In recent years, there has been a growing movement to rewild the diminished and degraded corners of the world. The movement seeks to restore the ecological balance of the planet’s degraded biomes by reintroducing and repopulating native species, connecting fragmented habitats, and jumpstarting dormant ecological processes. The goal is to create self-sustaining ecosystems that support resilient socio-ecological communities, production of biodiversity and ecosystem services, and refuges for both people and wildlife. It is in many ways something besides just conservation. Rewilding isn’t about saving or recreating something lost, but instead — by putting back the missing pieces—allowing natural systems to recover a new kind of equilibrium. Biodiverse systems are complex ones, and in complexity we find not just resilience, but a kind of beauty.

I understood this when I joined American Prairie, but I couldn’t connect with the grasslands or feel any sense of kinship with the place until I saw that vision of a wild prairie with my own eyes. Thankfully, it did not take long. Only a month or two after I started, I was traveling across the Sun Prairie management unit on a snowmobile looking for a GPS collar that had dropped off a bison. I crested a ridge with an expansive view looking out over the Box Elder Creek drainage, and just as I did, I startled a small herd of bison. The bison had heard me coming and were already running full speed along the rim of a small cliff edge just ahead of me. I turned off the engine and watched the backlit animals move effortlessly through two feet of snow, fleeing from the sound of my approach, but also, perhaps, just running because they can. Because bison hooves kneading ice and grass into prairie soil across vast stretches of wild, rolling grasslands propitiates something very old and fundamental. The prairie had just been pleasant scenery for me until that point, but here was a brief glimpse of wildness.

The future American Prairie will be the very portrait of North American wildness. The land will be wild, the animals will be wild, and the experience will be wild. But the critical missing component of this kind of wildness is wildlife. Relative to the current state, there should be a distracting amount of wildlife in every direction. This conspicuousness (and the abundance that underpins it) is crucial to the system. Thriving wildlife populations are critical to sustaining the integrity, complexity, and resilience of the ecosystem.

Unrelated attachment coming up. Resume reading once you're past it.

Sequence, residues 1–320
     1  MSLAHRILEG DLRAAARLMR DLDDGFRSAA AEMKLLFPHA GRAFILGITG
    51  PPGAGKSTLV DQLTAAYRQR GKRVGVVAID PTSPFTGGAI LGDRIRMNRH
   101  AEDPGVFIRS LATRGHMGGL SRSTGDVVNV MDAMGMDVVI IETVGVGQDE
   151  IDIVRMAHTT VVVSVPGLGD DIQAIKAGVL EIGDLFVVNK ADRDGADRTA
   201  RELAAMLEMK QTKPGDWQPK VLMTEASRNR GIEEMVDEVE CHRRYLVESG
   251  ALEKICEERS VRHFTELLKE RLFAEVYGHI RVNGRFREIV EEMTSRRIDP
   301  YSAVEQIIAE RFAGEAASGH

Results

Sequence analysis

The American Prairie team is hard at work rewilding our little corner of the Northern Great Plains. We are not a wildlife agency, which means that we do not have the authority to directly manipulate the wildlife that are held as a public trust for the benefit of all of us. As such, our actions are often indirect and sometimes counterintuitive, but have no less ability to grow the wildlife populations on our properties to a level of ecological significance. In the pages of this Sentinel we are pleased to share with you our Rewilding Model, the philosophy that underpins it, and introduce you to some of our colleagues hard at work making American Prairie a wilder place.

American Prairie’s Rewilding Model

American Prairie’s vision is to fully restore the shortgrass prairie ecosystem in an identified region of the Northern Great Plains in Montana. As such, the American Prairie Ecosystem will again contain ecologically meaningful populations of all non-extinct, native species present in the reference ecosystem (i.e., the Missouri Plains ecosystem, circa 1800), with management focused on maximizing the integrity, complexity, and resilience of the system.

Realizing our Rewilding Vision

  • Assemble a landbase of 5,000 square miles encompassing the 1.1 million acre Charles M. Russell National Wildlife Refuge and surrounding private lands that are connected to grazing rights on adjacent federal and state public lands.
  • Expand bison herds on American Prairie deeded and leased lands, and facilitate black-tailed prairie dog range expansion, such that each species occupies the largest acreage possible to maximize their role as keystone species and ecosystem engineers.
  • Increase “safe acreage” for dispersing wolves and grizzly bears so that these keystone species can naturally reestablish populations in Central Montana.
  • Reconstruct stream and wetland habitat with low-tech, process-based solutions (e.g., beaver dam analogues) that allow riparian systems to recover and beavers to recolonize.
  • Repair prairie habitat by replanting cropland with native vegetation.
  • Restore the keystone effect of wildfire by executing a prescribed fire plan.
  • Maximize habitat connectivity and reduce habitat fragmentation by removing or modifying fences, treating and eradicating weeds, and removing junk piles and other unwanted infrastructure.
  • Increase social carrying capacity for wildlife through community advocacy, coalition building, community-based conservation, and providing economic incentives for tolerance.
  • Balance hunting and other access on American Prairie’s private lands to maximize the ecological role of humans in the ecosystem, without artificially or unnaturally suppressing wildlife populations.